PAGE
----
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Amanda Gorman: Making History at 22

By: Luci Hagen


Photo by: TED conference

On January 20th, Amanda Gorman became the youngest out of a small select group of inaugural poets in history (including Robert Frost, Maya Angelou, Richard Blanco, Miller Williams, and Elizabeth Alexander) at only 22 years old. The talented, rising young activist and poet was given the arduous task of writing a poem in an especially discouraging time of political divide and the Covid-19 pandemic. But the trust that was put into her for this task was not an unwise decision, for Gorman already has proven herself wise and talented beyond her years, and even better she has overcome many difficult challenges in her earlier years already. 

Born in 1998 and raised by her single, English teacher mother in LA, she struggled with a speech impediment all her life, similar to the president. Just up until a few years ago she could not recite the letter “r” at all, a letter that is pronounced frequently in her inaugural poem. In fact, she turned to the Broadway phenomenon Hamilton to help with her “r”s, especially the song “Aaron Burr, Sir”. She references Hamilton twice in her poem, first in the line: “History has its eyes on us.” and later a line that is spoken by Hamilton’s George Washington “that everyone shall sit under their own vine and fig tree.” Lin Manuel Miranda in fact was one of the many celebrities and powerful political voices to celebrate her poem on social media, as well as the poet Jericho Brown, Barack Obama, Oprah Winfrey, Hillary Clinton, and many others. Not only did she receive an insane amount of praise for her inspiring words that were felt heavily by her country, but she also received 2 million more Instagram followers than previously and stated in interviews that she could not access her social media for a day because it was crashing with notifications from all of her accounts.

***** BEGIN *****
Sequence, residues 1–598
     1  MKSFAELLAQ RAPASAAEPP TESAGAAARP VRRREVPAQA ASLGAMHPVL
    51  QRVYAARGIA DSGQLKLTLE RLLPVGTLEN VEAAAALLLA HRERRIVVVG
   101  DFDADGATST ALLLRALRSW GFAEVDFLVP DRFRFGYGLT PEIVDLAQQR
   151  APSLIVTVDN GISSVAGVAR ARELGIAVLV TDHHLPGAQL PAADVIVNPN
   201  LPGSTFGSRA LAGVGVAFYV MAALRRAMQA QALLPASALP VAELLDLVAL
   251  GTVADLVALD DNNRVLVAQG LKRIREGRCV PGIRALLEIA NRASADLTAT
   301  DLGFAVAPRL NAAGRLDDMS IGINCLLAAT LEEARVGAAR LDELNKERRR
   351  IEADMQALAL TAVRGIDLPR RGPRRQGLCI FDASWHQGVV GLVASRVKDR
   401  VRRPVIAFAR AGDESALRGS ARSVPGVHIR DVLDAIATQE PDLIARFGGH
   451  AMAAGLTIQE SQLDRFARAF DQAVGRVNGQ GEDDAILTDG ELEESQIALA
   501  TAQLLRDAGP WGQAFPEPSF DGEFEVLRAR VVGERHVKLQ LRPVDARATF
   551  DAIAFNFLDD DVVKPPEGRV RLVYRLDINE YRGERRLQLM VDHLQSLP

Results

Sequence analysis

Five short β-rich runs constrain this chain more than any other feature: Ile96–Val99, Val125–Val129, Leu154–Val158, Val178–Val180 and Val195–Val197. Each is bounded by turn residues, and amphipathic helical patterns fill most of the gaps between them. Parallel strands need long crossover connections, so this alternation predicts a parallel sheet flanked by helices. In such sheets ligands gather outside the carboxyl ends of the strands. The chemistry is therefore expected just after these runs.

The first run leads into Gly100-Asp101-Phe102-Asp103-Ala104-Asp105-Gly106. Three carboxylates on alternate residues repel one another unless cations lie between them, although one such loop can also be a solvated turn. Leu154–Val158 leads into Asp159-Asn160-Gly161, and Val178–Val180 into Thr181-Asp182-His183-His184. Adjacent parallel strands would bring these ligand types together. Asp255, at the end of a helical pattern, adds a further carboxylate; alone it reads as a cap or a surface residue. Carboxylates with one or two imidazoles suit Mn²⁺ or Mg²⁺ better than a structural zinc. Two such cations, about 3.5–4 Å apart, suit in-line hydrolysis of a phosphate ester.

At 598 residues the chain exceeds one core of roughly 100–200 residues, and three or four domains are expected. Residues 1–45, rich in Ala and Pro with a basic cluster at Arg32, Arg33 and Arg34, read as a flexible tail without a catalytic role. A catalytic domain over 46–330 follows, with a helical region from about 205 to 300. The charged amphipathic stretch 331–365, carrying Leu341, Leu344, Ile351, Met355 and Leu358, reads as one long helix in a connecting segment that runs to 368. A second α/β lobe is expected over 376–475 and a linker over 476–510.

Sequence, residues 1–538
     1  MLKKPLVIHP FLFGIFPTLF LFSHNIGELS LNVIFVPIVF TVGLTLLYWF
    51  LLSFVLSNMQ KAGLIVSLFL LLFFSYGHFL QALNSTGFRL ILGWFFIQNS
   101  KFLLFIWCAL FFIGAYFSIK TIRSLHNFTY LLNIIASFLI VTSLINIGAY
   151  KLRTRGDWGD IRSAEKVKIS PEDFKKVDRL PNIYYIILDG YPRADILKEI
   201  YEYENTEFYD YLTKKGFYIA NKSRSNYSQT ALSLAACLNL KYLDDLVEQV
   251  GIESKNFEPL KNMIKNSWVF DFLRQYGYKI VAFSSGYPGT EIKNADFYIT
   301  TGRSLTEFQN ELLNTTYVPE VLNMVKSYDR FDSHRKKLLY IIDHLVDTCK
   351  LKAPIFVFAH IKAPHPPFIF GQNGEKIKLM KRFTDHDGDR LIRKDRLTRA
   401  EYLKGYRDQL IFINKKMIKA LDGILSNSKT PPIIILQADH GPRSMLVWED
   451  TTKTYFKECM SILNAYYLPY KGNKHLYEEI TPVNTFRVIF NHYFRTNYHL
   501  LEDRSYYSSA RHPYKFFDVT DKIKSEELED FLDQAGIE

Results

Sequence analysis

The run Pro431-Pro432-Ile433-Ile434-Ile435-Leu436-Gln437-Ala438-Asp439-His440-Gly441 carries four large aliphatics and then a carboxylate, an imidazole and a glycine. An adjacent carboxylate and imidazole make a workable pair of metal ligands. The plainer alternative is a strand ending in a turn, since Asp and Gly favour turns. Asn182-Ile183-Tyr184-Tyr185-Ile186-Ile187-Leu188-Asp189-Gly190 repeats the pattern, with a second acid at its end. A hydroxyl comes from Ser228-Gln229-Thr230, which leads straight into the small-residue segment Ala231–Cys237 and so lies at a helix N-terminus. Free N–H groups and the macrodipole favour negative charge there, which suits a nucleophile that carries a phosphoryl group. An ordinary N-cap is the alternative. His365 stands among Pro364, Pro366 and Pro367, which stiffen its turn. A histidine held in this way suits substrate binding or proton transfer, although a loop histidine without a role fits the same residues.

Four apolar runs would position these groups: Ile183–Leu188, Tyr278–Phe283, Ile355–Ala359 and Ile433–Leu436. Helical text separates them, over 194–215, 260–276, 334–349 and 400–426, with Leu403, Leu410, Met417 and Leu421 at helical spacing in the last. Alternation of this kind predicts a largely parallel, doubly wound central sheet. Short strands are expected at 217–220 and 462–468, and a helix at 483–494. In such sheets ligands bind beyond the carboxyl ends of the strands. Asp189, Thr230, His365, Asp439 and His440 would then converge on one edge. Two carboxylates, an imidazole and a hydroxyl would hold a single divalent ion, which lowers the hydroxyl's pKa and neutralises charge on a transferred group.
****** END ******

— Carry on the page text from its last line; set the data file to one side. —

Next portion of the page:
Gorman is no stranger to making great accomplishments at young ages. She became the Youth Poet Laureate of Los Angeles at 16 years old, and later while studying sociology at Harvard she became the first-ever National Youth Poet Laureate. She has already released two books, though they aren’t being shipped out quite yet, and after her incredible performance at the inauguration, those two are already at Amazon’s number one and number two on the Amazon bestsellers list. We can certainly expect more writing to come from this gifted young woman.

Gorman was very overwhelmed by the amount of trust Jill Biden put into her after seeing her recite poetry at the Library of Congress, so she decided to stick with focusing intently on perfecting a couple of lines a day. When she was around halfway done with her poem on January 6th, she was stuck and did not know how to proceed. On that same fateful day of January 6th, the pro-Trump rioters stormed the Capitol. As the events unfolded Gorman wrote direct references to the riots: “We’ve seen a force that would shatter our nation rather than share it, Would destroy our country if it meant delaying Democracy. And this effort very nearly succeeded. But while democracy can be periodically delayed, It can never be permanently defeated.” 

There is no doubt that America has not heard the last of Amanda Gorman. She surely will continue breaking records, inspiring millions young and old across the country, and possibly even running for president in 2036 as she said in an interview with Playbill. She even recites in her inaugural poem “Where a skinny Black girl descended from slaves and raised by a single mother can dream of becoming president, only to find herself reciting for one.” In times of uncertainty, the comfort of one woman’s voice has sparked a passion and given hope for change to the entire country. What more can one hope for out of an inaugural poem?

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